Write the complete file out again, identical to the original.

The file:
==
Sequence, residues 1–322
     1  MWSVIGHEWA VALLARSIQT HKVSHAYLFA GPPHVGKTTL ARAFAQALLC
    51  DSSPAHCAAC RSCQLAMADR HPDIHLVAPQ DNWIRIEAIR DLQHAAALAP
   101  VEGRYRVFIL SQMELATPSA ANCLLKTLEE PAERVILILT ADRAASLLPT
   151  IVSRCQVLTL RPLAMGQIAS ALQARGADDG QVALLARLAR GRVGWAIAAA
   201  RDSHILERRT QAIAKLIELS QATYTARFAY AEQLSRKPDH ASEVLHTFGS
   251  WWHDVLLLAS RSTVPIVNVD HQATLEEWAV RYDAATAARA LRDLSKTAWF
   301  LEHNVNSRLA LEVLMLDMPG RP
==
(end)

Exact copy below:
Sequence, residues 1–322
     1  MWSVIGHEWA VALLARSIQT HKVSHAYLFA GPPHVGKTTL ARAFAQALLC
    51  DSSPAHCAAC RSCQLAMADR HPDIHLVAPQ DNWIRIEAIR DLQHAAALAP
   101  VEGRYRVFIL SQMELATPSA ANCLLKTLEE PAERVILILT ADRAASLLPT
   151  IVSRCQVLTL RPLAMGQIAS ALQARGADDG QVALLARLAR GRVGWAIAAA
   201  RDSHILERRT QAIAKLIELS QATYTARFAY AEQLSRKPDH ASEVLHTFGS
   251  WWHDVLLLAS RSTVPIVNVD HQATLEEWAV RYDAATAARA LRDLSKTAWF
   301  LEHNVNSRLA LEVLMLDMPG RP